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Magnetic Resonance Spectroscopy in Multiple Sclerosis

  • Massimo Filippi
  • Douglas L. Arnold
  • Giancarlo Comi

Part of the Topics in Neuroscience book series (TOPNEURO)

Table of contents

  1. Front Matter
    Pages I-XII
  2. M. Filippi, D. L. Arnold, G. Comi
    Pages 1-4
  3. C. Bjartmar, B. D. Trapp
    Pages 15-32
  4. O. Gonen, R. I. Grossman
    Pages 97-112
  5. Back Matter
    Pages 149-153

About this book

Introduction

Recent years have witnessed dramatic advances in the development and use of magnetic resonance imaging (MRI) techniques that can provide quantitative measures with some degree of pathological specificity for the heterogeneous substrates of multiple sclerosis (MS). Magnetic resonance spectroscopy (MRS) is one of the most promising of these techniques. Thanks to MRS, axonal damage is no longer considered an end-stage phenomenon typical of only the most destructive lesions and the most unfortunate cases, but rather as a major component of the MS pathology of lesions and normal-appearing white matter at all the phases of the disease. This new concept is rapidly changing our understanding of MS pathophysiology and, as a consequence, the therapeutic strategies to modify the disease course favorably. Many of the authors have pionereed the use of MRS in MS, thus contributing to the foundation of the "axonal hypothesis".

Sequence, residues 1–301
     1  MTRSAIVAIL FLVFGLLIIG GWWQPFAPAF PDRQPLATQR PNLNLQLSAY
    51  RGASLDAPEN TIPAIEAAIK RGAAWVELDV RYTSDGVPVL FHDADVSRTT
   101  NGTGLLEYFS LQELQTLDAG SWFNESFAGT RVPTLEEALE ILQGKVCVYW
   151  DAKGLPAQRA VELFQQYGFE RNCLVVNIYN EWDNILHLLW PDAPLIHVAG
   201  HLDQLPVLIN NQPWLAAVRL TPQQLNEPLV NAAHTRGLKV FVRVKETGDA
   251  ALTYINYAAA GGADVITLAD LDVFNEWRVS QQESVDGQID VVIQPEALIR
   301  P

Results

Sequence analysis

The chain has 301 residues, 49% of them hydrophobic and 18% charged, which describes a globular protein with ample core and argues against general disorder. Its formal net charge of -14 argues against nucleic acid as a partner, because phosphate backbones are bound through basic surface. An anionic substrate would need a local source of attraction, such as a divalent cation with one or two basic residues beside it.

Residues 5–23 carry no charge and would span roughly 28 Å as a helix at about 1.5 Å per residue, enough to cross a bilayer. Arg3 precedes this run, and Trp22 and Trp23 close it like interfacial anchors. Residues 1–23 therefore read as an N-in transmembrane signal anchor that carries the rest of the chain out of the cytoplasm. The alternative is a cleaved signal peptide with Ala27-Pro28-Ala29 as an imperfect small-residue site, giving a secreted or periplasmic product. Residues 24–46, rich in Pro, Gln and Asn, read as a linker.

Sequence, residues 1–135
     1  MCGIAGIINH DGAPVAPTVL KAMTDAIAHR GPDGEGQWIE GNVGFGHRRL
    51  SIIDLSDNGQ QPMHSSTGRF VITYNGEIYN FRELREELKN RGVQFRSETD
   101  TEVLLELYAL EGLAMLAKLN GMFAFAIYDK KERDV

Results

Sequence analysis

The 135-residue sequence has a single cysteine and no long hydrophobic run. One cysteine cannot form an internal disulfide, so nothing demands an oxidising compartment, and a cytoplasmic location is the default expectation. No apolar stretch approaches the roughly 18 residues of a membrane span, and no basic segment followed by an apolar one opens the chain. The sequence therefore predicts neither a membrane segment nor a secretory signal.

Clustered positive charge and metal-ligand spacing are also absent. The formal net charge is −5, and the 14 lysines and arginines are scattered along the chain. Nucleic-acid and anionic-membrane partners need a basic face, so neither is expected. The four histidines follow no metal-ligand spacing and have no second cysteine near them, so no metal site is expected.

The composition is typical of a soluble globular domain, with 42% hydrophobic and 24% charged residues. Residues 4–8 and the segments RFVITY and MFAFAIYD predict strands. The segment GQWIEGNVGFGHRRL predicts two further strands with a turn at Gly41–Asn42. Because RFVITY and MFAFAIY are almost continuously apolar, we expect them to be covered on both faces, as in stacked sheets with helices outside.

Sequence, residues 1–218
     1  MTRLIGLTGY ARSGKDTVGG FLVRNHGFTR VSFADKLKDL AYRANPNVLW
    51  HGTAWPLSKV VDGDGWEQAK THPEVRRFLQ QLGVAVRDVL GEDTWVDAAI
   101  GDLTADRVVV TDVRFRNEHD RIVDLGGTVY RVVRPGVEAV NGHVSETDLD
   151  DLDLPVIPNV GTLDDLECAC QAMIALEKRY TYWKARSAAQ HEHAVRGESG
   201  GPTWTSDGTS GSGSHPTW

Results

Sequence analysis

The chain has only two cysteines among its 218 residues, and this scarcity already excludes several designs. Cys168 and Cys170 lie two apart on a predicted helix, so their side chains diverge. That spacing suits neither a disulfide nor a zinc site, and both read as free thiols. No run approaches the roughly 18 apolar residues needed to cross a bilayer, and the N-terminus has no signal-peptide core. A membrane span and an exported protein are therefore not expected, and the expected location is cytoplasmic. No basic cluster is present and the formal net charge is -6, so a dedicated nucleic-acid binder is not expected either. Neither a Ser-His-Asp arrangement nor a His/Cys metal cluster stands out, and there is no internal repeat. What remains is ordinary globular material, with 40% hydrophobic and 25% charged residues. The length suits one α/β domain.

Keywords

Axonal loss Disability Multiple sclerosis Nervous System magnetic resonance imaging (MRI) magnetic resonance spectroscopy

Editors and affiliations

  • Massimo Filippi
    • 1
  • Douglas L. Arnold
    • 2
  • Giancarlo Comi
    • 3
  1. 1.Neuroimaging Research Unit, Department of NeuroscienceSan Raffaele Scientific InstituteMilanItaly
  2. 2.Magnetic Resonance Spectroscopy Unit, Department of Neurology and NeurosurgeryMontreal Neurological InstituteMontrealCanada
  3. 3.Clinical Trials Unit, Department of NeuroscienceSan Raffaele Scientific InstituteMilanItaly

Bibliographic information

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